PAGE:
The Physical Possibilities of Travel through Time
Nothing in the world is easier than traveling in time. Just wait five minutes, and you will have moved that far into the future. It is even possible to get there faster; according to special relativity, observers undergoing acceleration experience the passage of less time between two events than do observers in free fall.
The true excitement arises, however, with the possibility of traveling backward in time, a staple of science fiction. It is worth asking if such a journey is consistent with the laws of physics. In the absolute space-time of Newtonian mechanics, the answer is a definitive “No.” Newtonian time marches relentlessly forward.
In special relativity, however, the notion of time is somewhat more flexible; clocks carried along different paths can measure different elapsed time intervals. Even in such circumstances, however, travelers are still moving locally more slowly than light, and consequently moving inevitably into the future.
General relativity preserves this feature–local movement at speeds below that of light–as observers move along timelike paths. The curvature of space-time, however, introduces the possibility of deforming the global geometry to allow what are called “closed timelike curves,” paths that intersect themselves in the past. It is straightforward to find solutions to Einstein’s equations that contain closed timelike curves. As a simple example, take empty Minkowski space and identify all spatial points at time t1 with the corresponding points at time t2, to produce a cylindrical space-time in which particles at rest move on timelike loops.
The notion of closed timelike curves in the real world is hard to reconcile with our intuitive understanding of causality. Perhaps one can find global solutions to general relativity incorporating closed timelike curves. These, in effect, would be time machines. But it may be impossible to construct such a system in a local region of space. Theorems along these lines were proved by Frank Tipler in the 1970s. Tipler assumed that the energy density was never negative and showed that closed timelike curves could never arise in a local region without also creating a singularity. This was reassuring, as we could hope that both the singularity and the closed timelike curves were hidden behind an event horizon (although this was not part of the proof).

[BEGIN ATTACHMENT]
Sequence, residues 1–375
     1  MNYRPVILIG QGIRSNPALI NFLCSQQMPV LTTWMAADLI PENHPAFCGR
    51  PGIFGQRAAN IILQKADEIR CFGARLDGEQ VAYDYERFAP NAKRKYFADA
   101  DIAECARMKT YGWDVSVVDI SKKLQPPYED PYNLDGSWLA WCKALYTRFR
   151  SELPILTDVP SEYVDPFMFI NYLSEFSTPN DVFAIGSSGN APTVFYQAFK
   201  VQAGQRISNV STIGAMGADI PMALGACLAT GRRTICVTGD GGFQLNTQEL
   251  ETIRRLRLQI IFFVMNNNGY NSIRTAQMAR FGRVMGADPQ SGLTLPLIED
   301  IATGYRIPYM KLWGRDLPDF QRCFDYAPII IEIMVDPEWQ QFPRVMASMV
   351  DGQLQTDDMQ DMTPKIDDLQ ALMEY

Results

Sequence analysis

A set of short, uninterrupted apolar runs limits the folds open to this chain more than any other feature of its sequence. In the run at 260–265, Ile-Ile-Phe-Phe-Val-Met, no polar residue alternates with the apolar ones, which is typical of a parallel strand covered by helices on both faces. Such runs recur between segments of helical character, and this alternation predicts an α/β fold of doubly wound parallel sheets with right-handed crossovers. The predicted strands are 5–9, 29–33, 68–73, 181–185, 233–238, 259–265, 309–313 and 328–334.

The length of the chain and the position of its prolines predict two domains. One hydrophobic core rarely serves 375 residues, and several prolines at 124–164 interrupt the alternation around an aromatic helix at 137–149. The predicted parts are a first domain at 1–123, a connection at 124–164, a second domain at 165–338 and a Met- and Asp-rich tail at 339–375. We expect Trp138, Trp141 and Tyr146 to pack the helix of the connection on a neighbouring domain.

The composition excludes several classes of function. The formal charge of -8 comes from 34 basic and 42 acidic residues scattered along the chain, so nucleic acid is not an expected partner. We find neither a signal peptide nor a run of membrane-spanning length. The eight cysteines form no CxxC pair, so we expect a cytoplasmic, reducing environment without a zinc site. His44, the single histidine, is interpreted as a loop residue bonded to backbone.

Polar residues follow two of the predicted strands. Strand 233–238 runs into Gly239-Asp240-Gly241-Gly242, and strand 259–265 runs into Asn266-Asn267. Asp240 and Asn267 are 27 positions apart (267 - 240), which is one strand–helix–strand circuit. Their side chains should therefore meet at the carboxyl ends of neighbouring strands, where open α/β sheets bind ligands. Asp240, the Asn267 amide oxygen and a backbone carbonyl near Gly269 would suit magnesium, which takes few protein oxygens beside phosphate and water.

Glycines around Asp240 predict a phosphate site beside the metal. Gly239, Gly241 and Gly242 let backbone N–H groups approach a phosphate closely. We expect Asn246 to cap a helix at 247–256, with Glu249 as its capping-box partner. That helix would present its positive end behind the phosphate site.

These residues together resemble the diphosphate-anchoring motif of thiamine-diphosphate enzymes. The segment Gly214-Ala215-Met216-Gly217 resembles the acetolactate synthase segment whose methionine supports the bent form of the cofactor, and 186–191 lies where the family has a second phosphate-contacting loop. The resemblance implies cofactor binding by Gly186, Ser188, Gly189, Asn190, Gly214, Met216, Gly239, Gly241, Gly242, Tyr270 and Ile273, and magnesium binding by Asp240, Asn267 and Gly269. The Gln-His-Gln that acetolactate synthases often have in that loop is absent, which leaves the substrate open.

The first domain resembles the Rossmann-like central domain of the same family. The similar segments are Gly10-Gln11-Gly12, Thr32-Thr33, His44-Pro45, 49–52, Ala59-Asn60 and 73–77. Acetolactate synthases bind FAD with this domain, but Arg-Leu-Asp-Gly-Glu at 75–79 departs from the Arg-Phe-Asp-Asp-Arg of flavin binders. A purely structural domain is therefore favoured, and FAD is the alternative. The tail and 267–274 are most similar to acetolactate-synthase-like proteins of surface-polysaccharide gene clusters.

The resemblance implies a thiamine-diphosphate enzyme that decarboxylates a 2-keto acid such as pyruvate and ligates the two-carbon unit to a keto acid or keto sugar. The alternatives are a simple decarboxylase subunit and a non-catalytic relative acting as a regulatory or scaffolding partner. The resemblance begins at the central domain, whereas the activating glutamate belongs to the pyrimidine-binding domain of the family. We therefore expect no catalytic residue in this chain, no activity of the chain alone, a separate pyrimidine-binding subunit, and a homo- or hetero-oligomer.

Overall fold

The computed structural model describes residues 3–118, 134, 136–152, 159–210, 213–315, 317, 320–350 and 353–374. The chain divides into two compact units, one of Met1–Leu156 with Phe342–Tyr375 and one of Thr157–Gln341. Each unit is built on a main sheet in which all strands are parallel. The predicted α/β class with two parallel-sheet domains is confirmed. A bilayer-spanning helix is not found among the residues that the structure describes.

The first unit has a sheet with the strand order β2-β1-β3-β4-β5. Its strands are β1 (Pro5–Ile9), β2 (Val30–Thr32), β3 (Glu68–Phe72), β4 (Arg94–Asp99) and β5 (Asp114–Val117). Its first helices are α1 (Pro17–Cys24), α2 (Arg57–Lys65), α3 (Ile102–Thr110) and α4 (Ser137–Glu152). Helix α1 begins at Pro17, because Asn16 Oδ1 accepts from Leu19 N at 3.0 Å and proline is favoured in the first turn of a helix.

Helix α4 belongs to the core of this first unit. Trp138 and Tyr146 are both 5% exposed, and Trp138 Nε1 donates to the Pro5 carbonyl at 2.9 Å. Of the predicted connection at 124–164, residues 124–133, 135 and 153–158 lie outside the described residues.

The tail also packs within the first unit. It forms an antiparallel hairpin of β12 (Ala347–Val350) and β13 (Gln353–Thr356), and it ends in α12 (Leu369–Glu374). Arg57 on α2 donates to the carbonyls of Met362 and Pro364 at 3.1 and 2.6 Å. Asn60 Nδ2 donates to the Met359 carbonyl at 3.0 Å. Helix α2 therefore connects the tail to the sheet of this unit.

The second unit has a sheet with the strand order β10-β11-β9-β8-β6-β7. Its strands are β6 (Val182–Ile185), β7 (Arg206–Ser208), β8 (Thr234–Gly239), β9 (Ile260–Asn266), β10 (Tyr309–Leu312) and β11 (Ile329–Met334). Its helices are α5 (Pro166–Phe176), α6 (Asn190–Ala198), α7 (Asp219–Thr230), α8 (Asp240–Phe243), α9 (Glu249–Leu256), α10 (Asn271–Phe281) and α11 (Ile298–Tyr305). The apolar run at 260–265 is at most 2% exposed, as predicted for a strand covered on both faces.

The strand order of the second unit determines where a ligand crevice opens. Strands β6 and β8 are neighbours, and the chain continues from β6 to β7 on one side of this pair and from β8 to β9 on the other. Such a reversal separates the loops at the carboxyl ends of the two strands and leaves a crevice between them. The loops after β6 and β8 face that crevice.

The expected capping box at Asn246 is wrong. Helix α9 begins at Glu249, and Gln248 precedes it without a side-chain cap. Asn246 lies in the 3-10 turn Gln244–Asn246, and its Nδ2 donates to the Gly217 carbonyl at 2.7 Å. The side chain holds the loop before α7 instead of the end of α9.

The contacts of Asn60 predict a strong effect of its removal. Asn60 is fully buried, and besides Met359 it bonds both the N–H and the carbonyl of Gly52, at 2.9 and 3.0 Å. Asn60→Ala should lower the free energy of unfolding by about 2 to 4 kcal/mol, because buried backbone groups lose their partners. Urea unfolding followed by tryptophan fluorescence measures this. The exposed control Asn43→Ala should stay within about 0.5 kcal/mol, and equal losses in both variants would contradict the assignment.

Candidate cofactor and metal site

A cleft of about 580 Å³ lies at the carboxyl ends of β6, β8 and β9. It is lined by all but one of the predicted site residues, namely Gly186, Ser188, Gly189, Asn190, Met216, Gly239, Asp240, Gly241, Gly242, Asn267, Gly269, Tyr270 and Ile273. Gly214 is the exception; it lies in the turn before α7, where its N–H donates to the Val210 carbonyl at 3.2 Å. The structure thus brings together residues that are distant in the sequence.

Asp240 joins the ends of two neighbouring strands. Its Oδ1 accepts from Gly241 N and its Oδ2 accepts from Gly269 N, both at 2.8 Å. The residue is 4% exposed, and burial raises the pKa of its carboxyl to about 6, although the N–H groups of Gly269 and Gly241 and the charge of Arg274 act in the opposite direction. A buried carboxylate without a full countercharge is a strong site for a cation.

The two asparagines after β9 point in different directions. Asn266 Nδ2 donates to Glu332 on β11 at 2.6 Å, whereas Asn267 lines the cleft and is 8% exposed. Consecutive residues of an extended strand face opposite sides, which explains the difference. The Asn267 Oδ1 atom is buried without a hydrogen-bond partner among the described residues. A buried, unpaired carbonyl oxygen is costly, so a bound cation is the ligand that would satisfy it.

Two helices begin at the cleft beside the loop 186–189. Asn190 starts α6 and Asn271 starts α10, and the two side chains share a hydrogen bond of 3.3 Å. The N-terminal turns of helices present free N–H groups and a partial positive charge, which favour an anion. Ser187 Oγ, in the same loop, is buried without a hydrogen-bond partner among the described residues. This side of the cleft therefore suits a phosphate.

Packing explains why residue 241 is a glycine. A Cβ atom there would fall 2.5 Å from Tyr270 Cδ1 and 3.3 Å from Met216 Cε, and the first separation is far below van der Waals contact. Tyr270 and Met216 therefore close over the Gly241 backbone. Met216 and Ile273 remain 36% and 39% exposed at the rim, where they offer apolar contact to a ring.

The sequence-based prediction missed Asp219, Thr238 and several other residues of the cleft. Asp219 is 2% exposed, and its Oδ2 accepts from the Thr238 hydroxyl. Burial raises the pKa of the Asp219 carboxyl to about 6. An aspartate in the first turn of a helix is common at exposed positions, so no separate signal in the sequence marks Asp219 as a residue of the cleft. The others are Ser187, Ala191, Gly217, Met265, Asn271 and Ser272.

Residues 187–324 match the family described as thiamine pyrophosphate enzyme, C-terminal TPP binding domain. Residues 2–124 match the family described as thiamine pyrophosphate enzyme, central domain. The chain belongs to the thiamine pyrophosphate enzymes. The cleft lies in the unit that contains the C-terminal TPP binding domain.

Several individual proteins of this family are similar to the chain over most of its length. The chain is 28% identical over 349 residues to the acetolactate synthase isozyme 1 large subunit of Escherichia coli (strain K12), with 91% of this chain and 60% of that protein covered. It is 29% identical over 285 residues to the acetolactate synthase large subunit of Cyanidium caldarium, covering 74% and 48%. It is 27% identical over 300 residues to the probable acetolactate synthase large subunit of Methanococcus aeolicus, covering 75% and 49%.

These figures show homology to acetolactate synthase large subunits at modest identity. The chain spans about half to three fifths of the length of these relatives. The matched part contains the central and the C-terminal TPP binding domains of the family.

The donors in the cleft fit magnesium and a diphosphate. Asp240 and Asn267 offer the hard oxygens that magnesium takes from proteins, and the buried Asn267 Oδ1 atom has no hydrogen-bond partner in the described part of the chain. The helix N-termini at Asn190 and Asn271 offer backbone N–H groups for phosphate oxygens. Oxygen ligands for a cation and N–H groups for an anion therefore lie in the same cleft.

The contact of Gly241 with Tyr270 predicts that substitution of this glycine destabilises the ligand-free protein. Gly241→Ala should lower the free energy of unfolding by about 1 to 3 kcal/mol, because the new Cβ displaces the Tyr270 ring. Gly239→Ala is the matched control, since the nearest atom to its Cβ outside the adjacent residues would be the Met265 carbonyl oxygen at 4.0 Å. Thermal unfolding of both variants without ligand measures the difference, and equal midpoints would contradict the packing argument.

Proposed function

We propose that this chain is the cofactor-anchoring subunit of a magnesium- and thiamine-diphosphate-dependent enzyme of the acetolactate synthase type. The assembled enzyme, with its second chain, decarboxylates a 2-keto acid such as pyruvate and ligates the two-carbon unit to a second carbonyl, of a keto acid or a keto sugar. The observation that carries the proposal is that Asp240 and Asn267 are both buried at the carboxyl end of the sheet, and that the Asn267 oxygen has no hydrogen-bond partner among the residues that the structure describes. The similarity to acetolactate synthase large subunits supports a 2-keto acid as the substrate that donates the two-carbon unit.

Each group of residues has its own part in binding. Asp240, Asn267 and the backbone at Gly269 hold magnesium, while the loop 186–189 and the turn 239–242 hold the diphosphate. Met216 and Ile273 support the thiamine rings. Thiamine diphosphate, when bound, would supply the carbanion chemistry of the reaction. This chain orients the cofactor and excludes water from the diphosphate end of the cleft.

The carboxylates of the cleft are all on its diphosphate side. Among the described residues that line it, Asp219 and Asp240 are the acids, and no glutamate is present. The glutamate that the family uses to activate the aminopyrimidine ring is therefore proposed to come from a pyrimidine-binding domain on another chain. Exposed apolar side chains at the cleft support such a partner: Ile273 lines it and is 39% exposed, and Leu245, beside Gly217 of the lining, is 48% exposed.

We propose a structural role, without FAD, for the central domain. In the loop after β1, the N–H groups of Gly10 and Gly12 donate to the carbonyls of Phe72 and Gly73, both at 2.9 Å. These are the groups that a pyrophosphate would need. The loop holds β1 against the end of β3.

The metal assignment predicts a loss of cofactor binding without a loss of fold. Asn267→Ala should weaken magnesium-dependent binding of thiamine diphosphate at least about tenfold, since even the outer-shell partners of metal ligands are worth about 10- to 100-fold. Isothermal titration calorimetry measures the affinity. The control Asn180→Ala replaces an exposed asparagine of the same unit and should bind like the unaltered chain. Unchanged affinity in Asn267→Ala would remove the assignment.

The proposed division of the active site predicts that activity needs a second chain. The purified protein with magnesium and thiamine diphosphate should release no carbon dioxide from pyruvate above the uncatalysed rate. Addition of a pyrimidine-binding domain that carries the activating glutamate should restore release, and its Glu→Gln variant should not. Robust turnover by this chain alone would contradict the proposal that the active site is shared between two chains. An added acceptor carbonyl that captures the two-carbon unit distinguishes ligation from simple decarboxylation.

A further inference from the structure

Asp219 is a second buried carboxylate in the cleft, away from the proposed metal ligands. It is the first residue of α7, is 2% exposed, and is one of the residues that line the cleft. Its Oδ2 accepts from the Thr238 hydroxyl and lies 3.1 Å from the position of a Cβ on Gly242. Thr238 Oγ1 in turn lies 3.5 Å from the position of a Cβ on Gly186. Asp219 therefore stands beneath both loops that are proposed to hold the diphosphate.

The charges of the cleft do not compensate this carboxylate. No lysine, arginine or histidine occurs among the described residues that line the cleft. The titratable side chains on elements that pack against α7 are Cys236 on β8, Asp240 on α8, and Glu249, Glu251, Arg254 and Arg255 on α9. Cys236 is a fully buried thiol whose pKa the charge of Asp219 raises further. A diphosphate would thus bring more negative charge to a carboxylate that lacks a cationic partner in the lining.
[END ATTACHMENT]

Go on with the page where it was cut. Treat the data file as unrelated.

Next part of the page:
Interest in time travel was reinvigorated a little over a decade ago by the discovery of new space-times containing closed timelike curves: a wormhole solution discovered by Michael Morris, Kip Thorne, and Ulvi Yurtsever, and a solution with two parallel cosmic strings discovered by J. Richard Gott. The wormhole space-time requires negative energy densities, while the closed timelike curves in the cosmic string space-time do not originate in a local region. Both solutions are therefore consistent with Tipler’s results, and these models spurred research into the possibility of time travel under more general conditions.